The slow motion "Noooooo!" of seeing my original 2000 word Defensive Post-Mortem obliterated by a bot invasion server malfunction still can't sour me on our team's great performance in Los Angeles. I took in the game on a flawless SoCal day surrounded by 20,000 enthusiastic Longhorns, 40,000 grim Bruins, and 25,000 empty seats.
Helllooooooo. Has anyone seen Terry Donahue?
There were scenes in the Rose Bowl in the cavernous end zones not unlike 28 Days Later after Cillian Murphy stumbles out of the hospital and wanders through a gutted London wasteland wondering what the hell happened. Then three dudes wearing visors and flip-flops start chasing him, spitting up infectious chai lattes and beaning him with hackeysacks.
Overall, I was pleased with the performance. The defense drew the tough assignment this week. We're mediocre at what we know we're mediocre at, we're very good at what we know we're good at, and our secondary's development is beyond any of our wildest estimations. UCLA may have a bad football team, but don't confuse that with having a bad offense. UCLA has a good offense that will slit its own throat with turnovers, drops, and penalties. The key is to keep handing them the knife and encouraging them to run around the swimming pool.
I was particularly pleased to see us dominate the 1st and 4th quarters - exactly the time periods you want to dominate against a run-oriented football team. UCLA didn't score until its 5th possession of the game and didn't score in its last 4.
Overall, fine. Holding UCLA to 141 yards rushing at 4 yards per carry without committing extra defenders is a positive, particularly since they didn't really abandon the run until the mid-4th quarter. UCLA makes sure to get hats on the DL, knowing that the deception in their offense and the NFL quality of their backs will create something if they can keep the big boys occupied. No one was getting whipped up front. Most of their quality runs were taking advantage of a run blitz and their backs finding a seam. I would have liked to have seen more push in the backfield, but you don't want to stunt excessively with down lineman against that kind of offense and UCLA's squatty interior OL have a great base (read: 6-1 335 pound guys) and are tough to get going backwards. Ashton Dorsey gets a bad mark for being drawn off by a hard count on 3rd and short, but he was solid otherwise.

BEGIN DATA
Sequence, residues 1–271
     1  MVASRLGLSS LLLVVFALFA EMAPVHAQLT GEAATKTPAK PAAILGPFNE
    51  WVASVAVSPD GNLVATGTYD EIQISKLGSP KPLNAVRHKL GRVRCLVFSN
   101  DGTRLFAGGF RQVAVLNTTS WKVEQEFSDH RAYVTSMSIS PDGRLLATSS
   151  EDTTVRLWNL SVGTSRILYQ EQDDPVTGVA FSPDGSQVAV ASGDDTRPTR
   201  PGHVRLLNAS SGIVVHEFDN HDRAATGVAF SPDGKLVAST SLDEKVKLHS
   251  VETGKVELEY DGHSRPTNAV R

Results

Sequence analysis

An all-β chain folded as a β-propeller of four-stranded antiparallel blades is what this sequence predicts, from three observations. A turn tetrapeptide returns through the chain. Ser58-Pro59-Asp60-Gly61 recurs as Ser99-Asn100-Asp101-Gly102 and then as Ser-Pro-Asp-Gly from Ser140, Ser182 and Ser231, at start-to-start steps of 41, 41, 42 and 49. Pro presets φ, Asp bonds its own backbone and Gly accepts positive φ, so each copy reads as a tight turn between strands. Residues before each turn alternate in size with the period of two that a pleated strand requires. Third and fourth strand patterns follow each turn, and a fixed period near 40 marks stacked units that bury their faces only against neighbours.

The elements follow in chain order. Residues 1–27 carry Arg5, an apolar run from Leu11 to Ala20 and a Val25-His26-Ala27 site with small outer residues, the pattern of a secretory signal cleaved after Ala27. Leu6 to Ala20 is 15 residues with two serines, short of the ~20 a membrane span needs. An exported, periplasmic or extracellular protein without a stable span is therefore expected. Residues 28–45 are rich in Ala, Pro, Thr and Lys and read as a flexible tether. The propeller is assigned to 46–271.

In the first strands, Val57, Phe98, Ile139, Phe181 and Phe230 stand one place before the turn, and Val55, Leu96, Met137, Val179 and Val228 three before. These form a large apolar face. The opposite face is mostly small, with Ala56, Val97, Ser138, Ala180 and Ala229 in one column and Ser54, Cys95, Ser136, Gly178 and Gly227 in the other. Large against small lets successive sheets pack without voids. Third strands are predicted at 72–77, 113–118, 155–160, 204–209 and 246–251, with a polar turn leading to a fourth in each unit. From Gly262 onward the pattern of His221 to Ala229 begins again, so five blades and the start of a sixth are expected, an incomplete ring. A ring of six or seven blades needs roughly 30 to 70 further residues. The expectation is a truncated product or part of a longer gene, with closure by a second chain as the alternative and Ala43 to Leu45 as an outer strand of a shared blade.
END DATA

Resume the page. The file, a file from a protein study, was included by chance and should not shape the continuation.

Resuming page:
Kheeston Randall's big stunt hit on Kevin Prince (which did cause a fumble, improperly ruled on field) was a really good example of what Diaz is capable of doing with this defense on 3rd and long.
We also played heavy containment on passing downs, relying on LB stunts for inside pressure instead of cutting our DEs loose. This may not be pleasing to Alex Okafor's stat sheet, but it was effective, eliminated drive continuations off of scrambles (Prince killed us last year with that), and it led to a lot of ill-advised throws and easy hits on the UCLA QBs. We have a team concept D and this game was for the back 7 to shine.
A mixed bag, largely because they drew the toughest assignment on the field. The beauty of the Pistol is pairing power downhill running with deception and assignment football sufficient to cause paralysis and doubt in your LBs, give backside defenders responsibilities so they can't crash and help, and offer UCLA's fine RBs daylight. Rather than sit and read, we decided to use our quickness advantage to stunt the LBs - Acho in particular - and it was feast and some famine. By now, presumably everyone is bought into my contention that we start 3 OLBs and we'll see the effects of that - good and bad - throughout the season. Acho's stat line of 10 tackles, 2 TFL, 3 QB Hits, 1 sack, 1 pass break up is pretty sparkling, but we also saw 3 10+ yard runs on our interior when Acho took the wrong gap - particularly the series where Coleman gouged us. Edmond got some snaps and on one play he smashed the OG so hard, the guy's knees buckled.
Football is about trade-offs. We can pine for giant run-pluggers at LB until Oklahoma State rolls into Austin and throws for 400 easy yards just flipping the ball to their running backs and slot receivers. For every play where we see our faults, know that there are things that other teams can't do simply because of our LB's strengths. UCLA was designed to attack our weaknesses in the front 7 and negate some of our strengths and they got 20 points and 317 yards out of it. That's solid defense in today's era.
Wow. These guys just continue to exceed expectations and though we've seen nothing yet that will prepare us for the receiving talent we'll see at OU, OSU, A&M, it's hard not to love this bunch and their speedy development. In addition to three interceptions (and forcing a fumble), they continue to be physical, rarely blow coverages, and we're not giving up big plays over the top. Carrington Byndom's diving interception was no easy catch and it's great to have a group of DBs that will finish the play with a turnover rather than a deflection or a stone-handed carom.